10 VII. This application should be granted and Mr. McCracken's conviction should be reversed because there was sufficient evidence to warrant the giving of an instruction on First Degree Manslaughter, which the trial court failed to do. [Petitioner acknowledges that he did not request the instruction or raise the issue on direct appeal. However, relying on Crawford v. State, 840 P.2d 627, 638 (Okl.Cr.1992), he contends that this did not relieve the trial court of its duty to instruct the jury on the salient features of the law raised by the evidence without a request by the defense." Petitioner also relies on Pickens v. State, 885 P.2d 678, 682 (Okl.Cr.1994), overruled on other grounds, Parker v. State, 917 P.2d 980, 986 (Okl.Cr.1996), where this Court held that where the issue of voluntary intoxication is raised by the evidence, failure of the trial court to instruct on the lesser included offense constitutes reversible error. A review of this claim in the context of ineffective assistance of counsel is set out in the opinion.]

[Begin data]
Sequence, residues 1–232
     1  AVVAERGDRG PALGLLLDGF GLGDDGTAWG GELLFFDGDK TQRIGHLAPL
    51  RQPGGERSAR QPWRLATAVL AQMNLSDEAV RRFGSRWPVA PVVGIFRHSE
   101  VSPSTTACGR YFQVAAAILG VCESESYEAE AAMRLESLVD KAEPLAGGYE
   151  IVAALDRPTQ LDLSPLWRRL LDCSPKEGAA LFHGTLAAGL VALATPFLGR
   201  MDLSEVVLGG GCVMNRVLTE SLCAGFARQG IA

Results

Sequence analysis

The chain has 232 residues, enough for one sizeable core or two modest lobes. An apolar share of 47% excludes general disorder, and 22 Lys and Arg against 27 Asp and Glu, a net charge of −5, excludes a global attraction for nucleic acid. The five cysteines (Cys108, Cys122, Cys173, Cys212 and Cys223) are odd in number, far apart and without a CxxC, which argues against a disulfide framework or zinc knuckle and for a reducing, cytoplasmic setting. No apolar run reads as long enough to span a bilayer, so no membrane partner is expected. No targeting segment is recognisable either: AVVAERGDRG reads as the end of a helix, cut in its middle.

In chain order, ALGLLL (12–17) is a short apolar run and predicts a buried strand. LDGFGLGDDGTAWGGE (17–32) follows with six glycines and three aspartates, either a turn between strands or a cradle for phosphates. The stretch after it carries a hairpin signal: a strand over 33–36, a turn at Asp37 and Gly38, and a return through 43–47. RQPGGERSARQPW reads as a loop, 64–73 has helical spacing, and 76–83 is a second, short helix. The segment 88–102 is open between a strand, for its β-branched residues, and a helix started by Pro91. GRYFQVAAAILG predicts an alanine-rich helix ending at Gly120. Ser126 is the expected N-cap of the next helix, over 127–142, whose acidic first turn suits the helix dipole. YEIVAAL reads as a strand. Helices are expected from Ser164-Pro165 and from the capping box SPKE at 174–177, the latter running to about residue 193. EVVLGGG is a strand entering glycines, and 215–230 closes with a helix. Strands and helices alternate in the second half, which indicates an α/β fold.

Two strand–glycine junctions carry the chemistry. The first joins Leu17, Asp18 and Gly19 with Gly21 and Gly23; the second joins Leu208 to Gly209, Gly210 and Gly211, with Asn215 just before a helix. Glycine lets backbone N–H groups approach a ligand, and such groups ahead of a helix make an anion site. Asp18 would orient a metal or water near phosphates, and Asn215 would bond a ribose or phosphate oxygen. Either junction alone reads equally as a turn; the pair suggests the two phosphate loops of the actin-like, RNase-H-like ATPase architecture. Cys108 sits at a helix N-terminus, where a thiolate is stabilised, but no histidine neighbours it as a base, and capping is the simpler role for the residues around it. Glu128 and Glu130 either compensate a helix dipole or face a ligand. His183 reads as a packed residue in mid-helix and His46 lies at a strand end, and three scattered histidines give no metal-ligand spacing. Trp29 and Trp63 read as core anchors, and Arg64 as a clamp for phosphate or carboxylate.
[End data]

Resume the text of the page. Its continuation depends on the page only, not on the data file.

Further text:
11 III. Trial counsel's failure to request a competency evaluation deprived Mr. McCracken of an expert to which he was entitled under the Sixth, Eighth, and Fourteenth Amendments to the United States Constitution, resulting in effective assistance of counsel.
CHAPEL, P.J., CONCURRING IN RESULT:
LANE, J.: DISSENTS
¶1 I dissent finding that Petitioner has presented a viable issue on the instruction of "presumption of not guilty". See my dissent to Walker v. State, 933 P.2d 327, 344 (Okl.Cr.1997). In addition, I disagree with the analysis of what can be raised by post-conviction when ineffective assistance of trial counsel is raised. See my concur in results in Conover v. State, ___ P.2d ___, 68 OBJ 2479, 2482 (Okl.Cr.1997).